1. Write a A 1-2 sentence project description. This description should not include the name of the project and should be written in the third person. 
      1. What is the "soul" of your project? Describe the idea of the project in conceptual terms. This should paint a conceptual picture in the readers mind. (1 sentences)
      2. What is the "body" of your project? Describe the basic technical or physical construction of the project. This should NOT go into excessive detail, just provide an overview. Describe the project to someone with no technical knowledge in as few words as possible. The reader should be able to envision what the project looks like. ( sentences)

        Examples:
        Night Light Blankie: A child's sensory blanket that provides comfort and privacy in the high stress environment of the hospital using weight, textures, and light. The blanket transforms into a mini light up fort over a child’s head.
        Cocoon: a shroud that explores human spirituality and the concept of life after death through the use of repetitive religious iconography. Composed of over 300 pieces of laser cut balsa wood lined with space tape, the icons are arranged using a mathematical strange attractor.
    2. Why does your project exist? The why explains how your project changes the world. It is the reason your project exists – 
      1. What social issue does your project engage? (1 sentence)
      2. Who is your project helping?  (1 sentence)
      3. How does the project change the world? This can be in a simple physical way or in a complex social way. (1 sentence)
      4. What important social, intellectual, or technical questions does it raise? (1 sentence)
    3. Who is the project for? Who will use it and in what context (1 sentence)
    4.   If you are designing for a specific person, answer the following:
      1. What is the client's name and what is their medical condition, if any? (1 sentence)
      2. How does their condition relate to your project? Include concise and compelling information about the client you are working with, their condition, and how that relates to your project design. (1 sentence)
      3. What is their personality like and how does it inform your design process? (1 sentence)
    5. How does your project work. In non-jargonistic language, answer the following 
      1. What is the basic technology behind your project? (1 sentence)
      2. What is technically innovative about your project? How does it differ from existing technology? (1 sentence)
      3. How does a user physically and mentally interact with the project? (1-2 sentences)


    Now that you have created a document that outlines all of the information you want to relate in the Brief, it is time to weave that information together into a strong narrative that ties together the Why, How and What and Who of your project through clear, cogent writing. Tell the story of how your idea was born, developed, and manifested.

    Create 1 post titled “The Brief” in the Writing tab with text that includes the following 2 items, numbered:

    1. A 1-2 sentence project description for your transcript. This will serve as the basis of the Project Description that appears in your transcript. This description should not include the name of the project and should be written in the third person. This was Question 1 in your Outline.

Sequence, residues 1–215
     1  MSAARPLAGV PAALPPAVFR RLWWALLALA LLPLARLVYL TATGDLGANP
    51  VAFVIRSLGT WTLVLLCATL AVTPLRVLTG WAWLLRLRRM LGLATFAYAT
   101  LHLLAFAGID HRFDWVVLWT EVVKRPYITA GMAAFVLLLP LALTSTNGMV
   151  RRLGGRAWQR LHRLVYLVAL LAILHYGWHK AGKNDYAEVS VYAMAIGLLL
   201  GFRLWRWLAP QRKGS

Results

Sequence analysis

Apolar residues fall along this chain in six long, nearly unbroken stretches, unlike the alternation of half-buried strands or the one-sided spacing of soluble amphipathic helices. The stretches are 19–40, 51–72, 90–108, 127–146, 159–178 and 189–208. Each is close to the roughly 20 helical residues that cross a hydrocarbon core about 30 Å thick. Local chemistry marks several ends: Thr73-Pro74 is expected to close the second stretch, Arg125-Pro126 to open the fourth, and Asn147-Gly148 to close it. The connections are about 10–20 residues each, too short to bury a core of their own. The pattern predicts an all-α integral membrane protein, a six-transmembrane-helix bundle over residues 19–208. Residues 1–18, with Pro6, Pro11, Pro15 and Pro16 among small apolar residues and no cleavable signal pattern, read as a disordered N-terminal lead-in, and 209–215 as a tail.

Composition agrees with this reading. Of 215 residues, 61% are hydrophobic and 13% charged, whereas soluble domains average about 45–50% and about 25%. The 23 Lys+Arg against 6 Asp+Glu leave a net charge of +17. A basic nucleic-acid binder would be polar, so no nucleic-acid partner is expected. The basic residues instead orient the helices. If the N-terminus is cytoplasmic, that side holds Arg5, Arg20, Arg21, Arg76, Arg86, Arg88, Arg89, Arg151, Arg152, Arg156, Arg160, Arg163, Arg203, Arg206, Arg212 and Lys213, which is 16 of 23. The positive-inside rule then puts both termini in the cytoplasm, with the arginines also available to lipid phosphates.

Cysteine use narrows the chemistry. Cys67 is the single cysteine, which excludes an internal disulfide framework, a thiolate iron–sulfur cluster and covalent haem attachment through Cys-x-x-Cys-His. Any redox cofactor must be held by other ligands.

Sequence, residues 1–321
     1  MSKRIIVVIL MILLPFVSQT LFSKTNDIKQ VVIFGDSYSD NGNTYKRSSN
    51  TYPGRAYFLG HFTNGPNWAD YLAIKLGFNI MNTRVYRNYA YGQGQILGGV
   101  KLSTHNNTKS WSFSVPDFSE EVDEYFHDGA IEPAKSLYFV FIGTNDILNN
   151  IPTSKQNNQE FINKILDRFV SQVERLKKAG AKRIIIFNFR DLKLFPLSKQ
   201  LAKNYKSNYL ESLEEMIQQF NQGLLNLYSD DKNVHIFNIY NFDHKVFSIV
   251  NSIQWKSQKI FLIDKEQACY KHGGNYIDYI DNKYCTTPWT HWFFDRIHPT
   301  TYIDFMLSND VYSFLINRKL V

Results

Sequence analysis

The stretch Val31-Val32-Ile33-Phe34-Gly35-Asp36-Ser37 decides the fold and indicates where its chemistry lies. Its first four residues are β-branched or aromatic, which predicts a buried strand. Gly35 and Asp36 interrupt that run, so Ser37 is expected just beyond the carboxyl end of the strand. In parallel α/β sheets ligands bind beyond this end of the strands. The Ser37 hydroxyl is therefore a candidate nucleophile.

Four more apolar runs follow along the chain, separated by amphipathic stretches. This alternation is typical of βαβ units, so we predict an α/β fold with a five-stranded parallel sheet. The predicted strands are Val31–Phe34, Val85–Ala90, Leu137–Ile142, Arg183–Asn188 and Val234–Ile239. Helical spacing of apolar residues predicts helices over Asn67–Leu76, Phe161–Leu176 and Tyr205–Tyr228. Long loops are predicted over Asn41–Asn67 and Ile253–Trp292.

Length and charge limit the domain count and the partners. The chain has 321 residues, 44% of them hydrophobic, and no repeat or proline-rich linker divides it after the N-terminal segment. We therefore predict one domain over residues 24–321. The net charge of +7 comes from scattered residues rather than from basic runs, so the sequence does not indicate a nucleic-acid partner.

examples:
      Night Light Blankie: A child's sensory blanket that provides comfort and privacy in the high stress environment of the hospital using weight, textures, and light. The blanket transforms into a mini light up fort over a child’s head.
      Cocoon: a shroud that explores human spirituality and the concept of life after death through the use of repetitive religious iconography. Composed of over 300 pieces of laser cut balsa wood lined with space tape, the icons are arranged using a mathematical strange attractor.
    2. A 1-2 paragraph brief for your project based on the description below. This will be based off the information you put together in your Outline and should focus on style. The NuVu writing coach will give you feedback and you will have the opportunity to revise this text before the final presentation. The primary purpose of The Brief is to explain, entice, and convince the reader that your project is amazing and important. Imagine your project on display in the Museum of Modern Art. The Brief is hanging on the wall next to your work. In 1-2 paragraphs, a viewer should understand what your project is, why it exists, and howyou made it, and who it is for. More importantly, the viewer should be interested and care. You will draw them into your project through a compelling narrative.

      Things to think about:
      • Use the information in your Outline. Do not simply put all of the answers together -- you must weave it together into a clear story.
      • The what is a clear statement of the thesis or problem+solution. Your project description for your transcript (#1 above) can be adapted for this purpose.
      • The why explains how your project changes the world. It is the reason your project exists – what social issue is it engaging, who is your project helping, how does the project change the world, and what important social, intellectual, or technical questions does it raise? The scope of the why can vary widely.
      • The how briefly explains what technical prowess, innovative methods, or cool materials you used in your solution.